AOC Dunks Her Face In Bowl Of Ice Water On Instagram Live To De-Stress


Far-left Rep. Alexandria Ocasio-Cortez (D-NY) on Monday twice dunked her face in a bowl of ice water on Instagram Live, hoping to de-stress.

“Ok so no lie I have been very very stressed out lately and today I found myself staying in a stressful mental pattern that was just creating more stress for myself,” reads text overlayed on a video AOC posted. “I wanted to interrupt that.”

“Riley (AOC’s boyfriend) and I read previously that dunking your face in a bowl of ice water can be a way of redirecting by forcing your body to do a kind of reset of your parasympathetic nervous system, so I’m going to try it,” it continues.

“So we filled this water bowl with ice and scooped it out right before dunking,” the text says.

After a countdown from five, AOC dunks her face in the cold water for a few seconds. Text overlapping the video reads, “It is very very cold…and yes my kitchen is messy today deal with it.”

As Ocasio-Cortez has her face submerged, her boyfriend Riley is heard cheering her on, “Good job, good job.”

“It gave me a brain freeze,” more text on the video reads. “But I must say it worked! Turns out dunking your head into freezing cold ice water is a pretty good way to redirect. Hope this helps someone!”

As the video continues, AOC dunks her face into the ice water for a second time.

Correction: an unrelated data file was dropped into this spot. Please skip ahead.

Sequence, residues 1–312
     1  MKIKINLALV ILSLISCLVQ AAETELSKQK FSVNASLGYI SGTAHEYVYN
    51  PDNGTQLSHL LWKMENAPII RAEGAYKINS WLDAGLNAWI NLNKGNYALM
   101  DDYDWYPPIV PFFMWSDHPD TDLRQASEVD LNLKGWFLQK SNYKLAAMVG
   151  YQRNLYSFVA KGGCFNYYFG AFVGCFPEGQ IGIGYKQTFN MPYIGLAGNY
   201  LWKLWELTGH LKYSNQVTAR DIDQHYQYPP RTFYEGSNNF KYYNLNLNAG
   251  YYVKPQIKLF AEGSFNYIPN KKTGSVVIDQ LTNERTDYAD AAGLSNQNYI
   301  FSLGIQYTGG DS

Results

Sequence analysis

An article from The Washington Post published last year describes dunking your face in ice-cold water as “one of the most effective stress resets.”

“One of the most effective stress resets involves submerging your face in ice-cold water while holding your breath,” the Post said. “This activates the diving reflex, which slows the heart rate and redirects blood away from the periphery of the body, toward the heart and other vital organs. These physiological changes have been shown to decrease anxiety. … If a bowl or a bucket with icy water is not at your disposal, you can press ice packs against your eyes, upper cheeks and temples while leaning over and holding your breath.”

“Stay like this as long as you can tolerate it. We typically recommend 15 to 30 seconds, although I’ve observed the effect [take hold] much faster,” said clinical psychologist Jenny Taitz.

The Post noted that “Sheri Van Dijk, a psychotherapist in Newmarket, Ontario, and the author of ‘Calming the Emotional Storm,’ warns that people with low blood pressure, heart problems or eating disorders should get clearance from their doctor before attempting this strategy.”

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